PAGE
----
• Known rituals
  • Facilities, office design, open vs closed offices, physical space
  • Exposure to “business” information such as cashflow, profit, turnover, and granularity.

 

 

Process

  • Operating model
  • Policies
  • Standards
  • Processes
  • Regulation of process
  • Standardisation appetite
  • Finance process
  • Budget cycle
  • Business case requirement
  • Hiring process
  • Procurement process and duration
  • Adherence to frameworks
  • International & national standards
  • Audit frequency and type
  • Governance, risk, compliance processes
  • Product vs project
  • ITIL / COBIT / other frameworks
  • Environment provisioning
  • Preference for waterfall vs agile
  • Handoffs
  • WIP limits
  • Communications cadences and expectations
  • Current methodologies and practices
  • Security clearances
  • Natural / habitual cadences
  • Agile adoption
  • Scrum adoption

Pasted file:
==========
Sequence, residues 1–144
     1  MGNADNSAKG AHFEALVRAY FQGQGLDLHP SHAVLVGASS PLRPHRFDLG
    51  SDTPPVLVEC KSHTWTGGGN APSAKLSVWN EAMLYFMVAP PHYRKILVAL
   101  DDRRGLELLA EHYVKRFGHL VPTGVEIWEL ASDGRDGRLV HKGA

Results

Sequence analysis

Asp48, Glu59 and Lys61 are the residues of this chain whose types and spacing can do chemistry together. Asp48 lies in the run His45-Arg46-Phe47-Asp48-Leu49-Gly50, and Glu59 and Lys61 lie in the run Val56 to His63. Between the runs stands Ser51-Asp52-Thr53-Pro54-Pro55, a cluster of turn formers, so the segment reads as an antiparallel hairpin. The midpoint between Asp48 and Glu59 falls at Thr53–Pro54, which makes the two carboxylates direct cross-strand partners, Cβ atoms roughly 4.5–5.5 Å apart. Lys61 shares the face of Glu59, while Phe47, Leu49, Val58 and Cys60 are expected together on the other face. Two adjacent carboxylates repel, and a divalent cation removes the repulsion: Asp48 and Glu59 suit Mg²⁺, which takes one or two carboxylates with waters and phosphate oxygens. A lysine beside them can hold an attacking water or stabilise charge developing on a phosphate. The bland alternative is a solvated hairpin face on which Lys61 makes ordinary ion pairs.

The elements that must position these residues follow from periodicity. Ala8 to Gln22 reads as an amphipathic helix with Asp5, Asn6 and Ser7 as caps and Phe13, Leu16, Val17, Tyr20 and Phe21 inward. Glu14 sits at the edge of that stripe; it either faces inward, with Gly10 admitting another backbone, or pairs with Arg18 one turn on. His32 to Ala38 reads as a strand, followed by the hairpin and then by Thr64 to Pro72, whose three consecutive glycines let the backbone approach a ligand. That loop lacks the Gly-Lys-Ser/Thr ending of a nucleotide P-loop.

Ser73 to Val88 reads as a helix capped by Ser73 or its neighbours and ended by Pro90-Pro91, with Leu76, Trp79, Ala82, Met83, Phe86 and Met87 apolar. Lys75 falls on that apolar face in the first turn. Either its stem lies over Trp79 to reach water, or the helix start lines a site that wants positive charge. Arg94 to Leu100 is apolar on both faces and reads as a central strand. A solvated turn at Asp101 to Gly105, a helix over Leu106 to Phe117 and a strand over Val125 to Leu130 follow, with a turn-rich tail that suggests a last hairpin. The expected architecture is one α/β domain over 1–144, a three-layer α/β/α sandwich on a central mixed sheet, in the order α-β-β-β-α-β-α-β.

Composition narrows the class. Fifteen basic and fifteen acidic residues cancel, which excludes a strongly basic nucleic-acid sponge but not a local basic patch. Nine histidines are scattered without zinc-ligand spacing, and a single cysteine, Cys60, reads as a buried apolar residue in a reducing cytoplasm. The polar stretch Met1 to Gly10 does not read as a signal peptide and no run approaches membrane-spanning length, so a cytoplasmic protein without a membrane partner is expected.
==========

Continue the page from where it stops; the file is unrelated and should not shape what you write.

• Methodologies at scale (SAFe, LESS, etc)
  • Statistical Process Control – level of automation and adoption

 

Data and Tools

  • Wall space or digital tools – information radiators
  • Data-driven insights capability
  • Communication tools – asynchronous vs synchronous
  • Silos of information
  • Data feedback loops
  • Dataviz and analytic tools
  • Degree of tool integration
  • SSO
  • “Shadow” IT
  • Degree of autonomy / lockdown of machines
  • AI/ML
  • Volume of data
  • Information availability, default to open/closed
  • Data treated as asset or liability
  • Default information openness
  • Dashboarding and reporting

 

Products

  • Number and characteristics of key products
  • Criticality (life/death or just for fun)
  • Cost of delay for features
  • Level of planning expectation
  • Estimates and deadlines required
  • Risk appetite
  • Reliability requirements
  • Scaling requirements
  • Quality requirements
  • Degree of coupling
  • Degree of cohesion
  • Current lead time
  • Current flow / wait time
  • Current quality
  • Internal regulation